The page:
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Autologous skeletal muscle derived cells expressing a novel functional dystrophin provide a potential therapy for Duchenne Muscular Dystrophy

Lookup NU author(s): Dr Mojgan Reza, Dr Steven Laval, Professor Hanns Lochmuller



This work is licensed under a Creative Commons Attribution 4.0 International License (CC BY 4.0).


Autologous stem cells that have been genetically modified to express dystrophin are a possible means of treating Duchenne Muscular Dystrophy (DMD). To maximize the therapeutic effect, dystrophin construct needs to contain as many functional motifs as possible, within the packaging capacity of the viral vector. Existing dystrophin constructs used for transduction of muscle stem cells do not contain the nNOS binding site, an important functional motif within the dystrophin gene. In this proof-of-concept study, using stem cells derived from skeletal muscle of a DMD patient (mdcs) transplanted into an immunodeficient mouse model of DMD, we report that two novel dystrophin constructs, C1 (Delta R3-R13) and C2 (Delta H2-R23), can be lentivirally transduced into mdcs and produce dystrophin. These dystrophin proteins were functional in vivo, as members of the dystrophin glycoprotein complex were restored in muscle fibres containing donor-derived dystrophin. In muscle fibres derived from cells that had been transduced with construct C1, the largest dystrophin construct packaged into a lentiviral system, nNOS was restored. The combination of autologous stem cells and a lentivirus expressing a novel dystrophin construct which optimally restores proteins of the dystrophin glycoprotein complex may have therapeutic application for all DMD patients, regardless of their dystrophin mutation.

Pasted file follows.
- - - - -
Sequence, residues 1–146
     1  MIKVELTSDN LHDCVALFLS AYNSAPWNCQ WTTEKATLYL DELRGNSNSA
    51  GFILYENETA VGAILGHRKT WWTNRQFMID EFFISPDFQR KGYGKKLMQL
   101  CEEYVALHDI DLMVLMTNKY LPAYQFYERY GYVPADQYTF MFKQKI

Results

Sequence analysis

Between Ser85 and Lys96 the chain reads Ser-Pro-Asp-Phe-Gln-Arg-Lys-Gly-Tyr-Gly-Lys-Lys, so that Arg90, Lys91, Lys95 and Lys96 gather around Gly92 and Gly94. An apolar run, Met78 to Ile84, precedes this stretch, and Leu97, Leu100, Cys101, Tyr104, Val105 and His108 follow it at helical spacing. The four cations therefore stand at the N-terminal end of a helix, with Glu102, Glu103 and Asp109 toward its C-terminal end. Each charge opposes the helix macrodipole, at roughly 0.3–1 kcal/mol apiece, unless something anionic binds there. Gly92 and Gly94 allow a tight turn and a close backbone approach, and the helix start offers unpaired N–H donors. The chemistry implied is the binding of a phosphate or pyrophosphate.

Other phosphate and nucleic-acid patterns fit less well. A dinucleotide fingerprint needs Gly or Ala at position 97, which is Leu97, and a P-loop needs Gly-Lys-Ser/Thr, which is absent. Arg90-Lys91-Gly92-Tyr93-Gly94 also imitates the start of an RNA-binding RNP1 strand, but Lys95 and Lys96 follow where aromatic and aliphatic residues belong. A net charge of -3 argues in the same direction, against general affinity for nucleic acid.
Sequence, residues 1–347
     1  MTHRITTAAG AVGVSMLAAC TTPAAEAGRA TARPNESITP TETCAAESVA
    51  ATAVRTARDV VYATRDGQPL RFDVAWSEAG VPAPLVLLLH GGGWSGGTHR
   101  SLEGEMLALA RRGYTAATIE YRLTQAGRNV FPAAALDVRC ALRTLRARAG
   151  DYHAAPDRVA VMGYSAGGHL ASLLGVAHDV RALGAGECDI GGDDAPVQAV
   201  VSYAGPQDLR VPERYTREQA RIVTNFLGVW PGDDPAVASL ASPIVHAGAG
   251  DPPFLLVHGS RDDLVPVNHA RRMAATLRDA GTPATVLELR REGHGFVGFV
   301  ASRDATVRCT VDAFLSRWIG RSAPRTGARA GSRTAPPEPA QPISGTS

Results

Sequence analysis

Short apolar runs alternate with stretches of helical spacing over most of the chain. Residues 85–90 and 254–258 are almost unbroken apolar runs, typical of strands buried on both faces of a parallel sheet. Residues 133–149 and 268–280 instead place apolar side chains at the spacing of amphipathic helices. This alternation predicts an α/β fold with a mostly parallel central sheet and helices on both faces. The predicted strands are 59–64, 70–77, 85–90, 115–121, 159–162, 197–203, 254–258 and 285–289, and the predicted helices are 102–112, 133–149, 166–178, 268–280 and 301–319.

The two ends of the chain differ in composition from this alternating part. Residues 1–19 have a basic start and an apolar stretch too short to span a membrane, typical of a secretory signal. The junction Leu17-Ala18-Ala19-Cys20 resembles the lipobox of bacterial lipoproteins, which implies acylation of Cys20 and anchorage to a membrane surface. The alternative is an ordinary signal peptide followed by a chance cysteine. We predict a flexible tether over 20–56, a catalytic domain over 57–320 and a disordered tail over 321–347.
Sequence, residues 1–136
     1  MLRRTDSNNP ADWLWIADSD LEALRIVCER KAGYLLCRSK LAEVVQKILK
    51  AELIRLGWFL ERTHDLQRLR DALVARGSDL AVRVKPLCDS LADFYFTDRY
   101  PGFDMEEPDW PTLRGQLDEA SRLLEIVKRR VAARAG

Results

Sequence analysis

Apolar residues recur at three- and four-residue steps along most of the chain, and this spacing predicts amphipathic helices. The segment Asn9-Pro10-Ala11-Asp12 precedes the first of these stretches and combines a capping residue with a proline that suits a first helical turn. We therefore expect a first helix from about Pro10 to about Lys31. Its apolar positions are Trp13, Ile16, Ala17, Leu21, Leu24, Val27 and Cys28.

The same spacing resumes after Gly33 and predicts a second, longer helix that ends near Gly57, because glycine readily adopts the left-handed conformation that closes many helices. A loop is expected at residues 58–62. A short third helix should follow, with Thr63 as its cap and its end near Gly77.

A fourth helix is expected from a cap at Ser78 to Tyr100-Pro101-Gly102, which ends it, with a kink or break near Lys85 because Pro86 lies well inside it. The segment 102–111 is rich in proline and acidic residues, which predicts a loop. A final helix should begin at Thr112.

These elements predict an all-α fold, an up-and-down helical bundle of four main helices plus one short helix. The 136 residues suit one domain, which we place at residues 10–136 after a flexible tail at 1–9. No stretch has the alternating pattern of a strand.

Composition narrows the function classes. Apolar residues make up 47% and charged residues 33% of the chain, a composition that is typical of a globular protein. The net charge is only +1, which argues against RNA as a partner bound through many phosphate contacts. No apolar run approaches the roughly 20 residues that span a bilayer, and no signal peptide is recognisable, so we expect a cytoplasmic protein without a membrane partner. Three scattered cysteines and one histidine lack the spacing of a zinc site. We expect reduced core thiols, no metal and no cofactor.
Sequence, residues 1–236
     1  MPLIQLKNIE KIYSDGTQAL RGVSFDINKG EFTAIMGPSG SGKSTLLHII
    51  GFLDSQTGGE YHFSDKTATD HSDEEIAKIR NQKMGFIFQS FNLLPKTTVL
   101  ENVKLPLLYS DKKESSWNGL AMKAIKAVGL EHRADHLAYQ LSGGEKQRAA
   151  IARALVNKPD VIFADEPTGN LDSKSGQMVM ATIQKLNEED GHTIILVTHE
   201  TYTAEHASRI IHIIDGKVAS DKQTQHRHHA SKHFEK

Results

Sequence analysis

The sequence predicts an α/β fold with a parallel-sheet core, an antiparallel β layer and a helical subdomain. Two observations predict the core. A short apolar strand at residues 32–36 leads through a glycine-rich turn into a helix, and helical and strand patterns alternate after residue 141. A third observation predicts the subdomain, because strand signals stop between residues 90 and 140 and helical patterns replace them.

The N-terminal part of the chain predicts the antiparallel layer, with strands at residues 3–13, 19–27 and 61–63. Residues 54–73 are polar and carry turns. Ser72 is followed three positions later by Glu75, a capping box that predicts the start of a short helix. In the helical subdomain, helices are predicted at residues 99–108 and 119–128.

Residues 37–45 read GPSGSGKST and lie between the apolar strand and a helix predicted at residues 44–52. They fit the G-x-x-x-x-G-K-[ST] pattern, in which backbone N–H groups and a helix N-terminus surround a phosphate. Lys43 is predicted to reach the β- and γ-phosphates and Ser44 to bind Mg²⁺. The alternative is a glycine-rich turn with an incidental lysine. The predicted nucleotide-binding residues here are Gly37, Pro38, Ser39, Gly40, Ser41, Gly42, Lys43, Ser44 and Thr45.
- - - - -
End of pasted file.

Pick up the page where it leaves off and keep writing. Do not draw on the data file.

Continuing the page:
Publication metadata

Author(s): Meng JH, Counsell JR, Reza M, Laval SH, Danos O, Thrasher A, Lochmuller H, Muntoni F, Morgan JE

Publication type: Article

Publication status: Published

Journal: Scientific Reports

Year: 2016

Volume: 6

Online publication date: 27/01/2016

Acceptance date: 17/12/2015

Date deposited: 05/04/2016

ISSN (electronic): 2045-2322

Publisher: Nature Publishing Group


DOI: 10.1038/srep19750


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Funder referenceFunder name
GOSH Biomedical Research Centre
Great Ormond Street Hospital Children's Charity
National Institute for Health Research Biomedical Research Centre at Great Ormond Street Hospital for Children NHS Foundation Trust
UCL Institute of Child Health Flow Cytometry Core Facility and Biological Service Unit
MRC Centre for Neuromuscular Diseases Biobank
University College London
Wellcome Trust University Award
305121European Commission
305444European Commission